Best Of :: Food & Drink
Those of us at City Pages enjoy tater tots at least as much as the next person, but sometimes you want to go beyond the fryer staples for your happy-hour snacks. That's when you should head to the Mill Northeast and order from the Mid Menu, which is available every day from 3 p.m. to 6 p.m. and also Friday and Saturday nights from 10 p.m. to midnight. All the food items on it (except the oysters) cost $5 apiece, so order with abandon. The butternut squash bisque, with maple mascarpone and spiced pepitas, is a great way to start, or there's an arugula salad with apple and goat cheese. Beef or veggie sliders are topped with white cheddar, and there's a plate featuring a pork hot link from Butcher & the Boar, with cauliflower giardiniera and mustard crème fraîche. Mussels are bathed in a spicy tomato sauce, and there's a rotating selection of raw oysters on the half shell (for $2 each). You'll need something to wash that all down of course, so it's fortunate that there is always a featured craft cocktail for $6 (recently it was a delicious apple, ginger, and bourbon concoction), along with $4 taps and house wine and $3 tall boys. Oh, but you really do want something deep-fried? You're in luck there too: Alaskan cod pops with tartar sauce, or the Mill's elevated versions of French fries (with Pecorino Romano and béarnaise) and Faribault caveman cheese curds (made with cave-aged cheese and accompanied by a sweet house-made beet and beef ketchup) will hit the spot.
Though there are many worthy contenders, Rustica still makes the best baguette in town, and a great baguette is the bready backbone of any bakery worth its Maldon Sea Salt. Rustica's baguettes are crisp, perfectly proofed, airily structured, and baked in a high-heat stone hearth oven to achieve that shiny, knockable exterior. It makes an amazing base for spreads, sandwiches, and appetizers, and it's an ideal soup companion, which is good news, because the bakery serves all those items as well. Try the fancied-up adult grilled cheese, an individual-sized savory focaccia with roasted tomatoes, or the insta-cure-all chicken and dumpling soup with celeriac and plenty of fresh herbs. And we know it's been said a lot, but it bears repeating that the bittersweet chocolate cookie here, one of the bakery's best-selling items year after year, is an absolute knockout.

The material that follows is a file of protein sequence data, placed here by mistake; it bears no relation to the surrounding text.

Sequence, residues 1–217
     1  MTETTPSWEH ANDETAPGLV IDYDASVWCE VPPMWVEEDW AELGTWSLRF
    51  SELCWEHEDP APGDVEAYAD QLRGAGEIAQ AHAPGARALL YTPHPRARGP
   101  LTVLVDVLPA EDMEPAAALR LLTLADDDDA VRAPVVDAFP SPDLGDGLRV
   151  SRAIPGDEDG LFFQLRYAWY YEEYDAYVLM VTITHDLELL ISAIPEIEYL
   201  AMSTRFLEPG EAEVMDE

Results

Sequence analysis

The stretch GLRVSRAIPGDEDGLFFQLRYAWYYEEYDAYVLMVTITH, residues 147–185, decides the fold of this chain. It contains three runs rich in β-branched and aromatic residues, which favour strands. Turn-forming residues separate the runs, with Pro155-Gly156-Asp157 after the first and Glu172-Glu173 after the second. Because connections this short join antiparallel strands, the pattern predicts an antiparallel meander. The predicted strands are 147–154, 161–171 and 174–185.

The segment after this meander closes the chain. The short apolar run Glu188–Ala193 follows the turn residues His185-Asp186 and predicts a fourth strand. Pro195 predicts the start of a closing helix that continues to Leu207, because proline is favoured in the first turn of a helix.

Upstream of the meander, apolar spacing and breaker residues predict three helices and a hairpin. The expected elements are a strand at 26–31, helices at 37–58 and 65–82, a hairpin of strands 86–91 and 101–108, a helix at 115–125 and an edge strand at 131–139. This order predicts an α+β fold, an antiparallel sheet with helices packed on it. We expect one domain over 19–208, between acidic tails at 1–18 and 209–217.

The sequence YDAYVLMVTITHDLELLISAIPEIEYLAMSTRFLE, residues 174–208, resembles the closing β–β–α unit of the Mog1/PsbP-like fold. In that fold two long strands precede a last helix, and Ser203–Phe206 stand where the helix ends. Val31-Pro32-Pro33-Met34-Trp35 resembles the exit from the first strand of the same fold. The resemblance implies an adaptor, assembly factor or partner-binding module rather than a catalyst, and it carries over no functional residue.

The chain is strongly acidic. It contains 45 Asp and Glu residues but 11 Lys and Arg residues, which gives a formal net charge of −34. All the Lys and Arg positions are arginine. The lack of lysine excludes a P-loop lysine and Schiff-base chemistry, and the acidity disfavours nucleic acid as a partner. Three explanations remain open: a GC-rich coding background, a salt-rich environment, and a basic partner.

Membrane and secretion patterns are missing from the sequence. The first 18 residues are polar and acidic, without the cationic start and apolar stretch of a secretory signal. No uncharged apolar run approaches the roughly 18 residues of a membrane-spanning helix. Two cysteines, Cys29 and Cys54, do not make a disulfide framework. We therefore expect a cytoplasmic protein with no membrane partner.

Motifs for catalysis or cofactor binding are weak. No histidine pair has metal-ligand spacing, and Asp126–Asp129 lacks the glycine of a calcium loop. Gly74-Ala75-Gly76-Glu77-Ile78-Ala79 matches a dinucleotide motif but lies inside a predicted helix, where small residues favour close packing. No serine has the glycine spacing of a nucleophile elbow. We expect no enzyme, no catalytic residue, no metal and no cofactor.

We like to start our days the way we end them — in close proximity to a bar — and at Ward 6 we can get our morning caffeine fix in a tall glass of Surly Coffee Bender. Best of all, we get to follow up that jolt with any number of exceptional early-in-the-day dishes. Breakfast poutine here isn't just a riff on the wonder of a great French fry, it's a way of life. A dish of crispy potatoes smothered in sausage gravy and gooey fresh cheese is more than enough to fortify you against even the coldest Minnesota day. Ward 6 also passes the test of a great breakfast — a perfectly cooked egg — with flying colors every time we order. Harissa-spiked Hollandaise makes for a killer eggs Benedict, and the so-called Disaster breakfast scramble will destroy any ills you may have caused yourself the night before; plus, sweets fans can bury their faces in the mountain of powdered sugar that tops the beignets or dive face first into a pile of impossibly fluffy pancakes. Ward 6 is truly a breakfast joint for breakfast lovers.